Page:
Food Highlights: Atlanta

During my very recent trip to America, I visited two states: Georgia, then California. The first three days were spent exploring parts of Atlanta, with my sister Melissa. I can say with confidence that the overall objective of our time in Atlanta was to seek out a legendary barbecue joint to eat an American-sized meal of smoky meat, then roll home in pain. We were in luck; according to her research along with a personal recommendation made to me by a U.S. customs agent in the Toronto airport, Fat Matt’s Rib Shack was the place to go.

The legend: Fat Matt's Rib Shack

The legend: Fat Matt’s Rib Shack

As the entire establishment is lit by neon beer signs, the task of taking photos with my iPhone became challenging. I didn’t want to be that person using a bright flash, either, as this was a real mellow, local joint. I did use it once, to capture the photo below of my chopped pork sandwich.

Finally used the flash -- chopped pork sandwich. Soft bun, heavy meat.

Finally used the flash — chopped pork sandwich. Soft bun, heavy meat.

The place was absolutely packed with a combination of locals and visitors. It’s the type of joint where you order at the counter, grab a self-serve lemonade or sweet tea, and take any seat that’s available. A couple guys with electric guitars were sitting up front and started playing the blues about 10 minutes before we left.

Fat Matt’s has a small offering, and they focus on doing a few things very well: ribs, whole smoked chickens, and chopped pork sandwiches. I did the sandwich, served with a small bag of Lay’s, and chose potato salad as a side. Melissa went for a half slab of ribs, and mac ‘n’ cheese. The namesake ribs did not disappoint. I even bought a bottle of Fat Matt’s barbecue sauce to bring home. Stickers were free.

Lit by neon signs.

Lit by neon signs.

The day I arrived in Atlanta, we hit up a permanent food truck park that I had discovered online. We were excited. I won’t give too much away about this one since I’m writing a piece for SOAR Magazine about my food truck experiences, but I will show what we ate there, as both items were pretty delicious. My pulled chicken taco from the barbecue truck was served with pickles (which I’ve heard is Kentucky-style) and homemade pear coleslaw. Melissa had a chicken tikka masala naan wrap from the Indian food truck. Both were tasty.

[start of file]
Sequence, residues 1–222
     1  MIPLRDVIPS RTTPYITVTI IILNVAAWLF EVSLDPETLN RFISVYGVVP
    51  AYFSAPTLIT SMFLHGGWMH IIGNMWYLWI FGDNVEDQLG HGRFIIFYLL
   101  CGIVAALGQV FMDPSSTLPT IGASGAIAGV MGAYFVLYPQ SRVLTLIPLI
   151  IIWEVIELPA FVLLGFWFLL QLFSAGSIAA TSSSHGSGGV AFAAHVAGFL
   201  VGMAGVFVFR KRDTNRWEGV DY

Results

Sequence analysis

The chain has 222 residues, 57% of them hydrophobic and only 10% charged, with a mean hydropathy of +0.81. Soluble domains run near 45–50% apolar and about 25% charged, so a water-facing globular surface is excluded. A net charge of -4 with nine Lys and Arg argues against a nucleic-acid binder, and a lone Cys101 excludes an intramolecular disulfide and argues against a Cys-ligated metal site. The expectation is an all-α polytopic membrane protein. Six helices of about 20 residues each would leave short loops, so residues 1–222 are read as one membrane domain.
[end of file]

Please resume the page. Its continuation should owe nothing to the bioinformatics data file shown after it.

Pulled chicken barbecue taco.

Pulled chicken barbecue taco.

One last food highlight comes from a fantastic part of Atlanta called Decatur. Technically Decatur is it’s own city, but it is what’s called an in-town suburb of Atlanta proper. So many people call it a city within a city. It definitely has a very quaint, small-town feel and is home to many highly-regarded restaurants, plus over 50 independent shops.

Cakes & Ale cafe for lunch, in Decatur, Atlanta.

Cakes & Ale cafe for lunch, in Decatur, Atlanta.

Having done my research, I knew that Cakes & Ale was located in Decatur (Bon Appetit’s Best New Restaurant in America 2011). We were there in the middle of the day, and so only their cafe/bakery was open. Here I enjoyed a perfect panini from their small, daily lunch menu. Salty soppressata ham, creamy ricotta and arugula pesto grilled to crunchy perfection on house-made bread. We shared a salad of roasted root vegetables with cilantro-fennel sour cream served on the side, for dipping.

Arugula pesto, ricotta and soprassetta panini at Cakes & Ale Bakery cafe.

Arugula pesto, ricotta and soppressata panini at Cakes & Ale Bakery cafe.

Check out more photos in the gallery below, and come back soon for my upcoming California food highlights!

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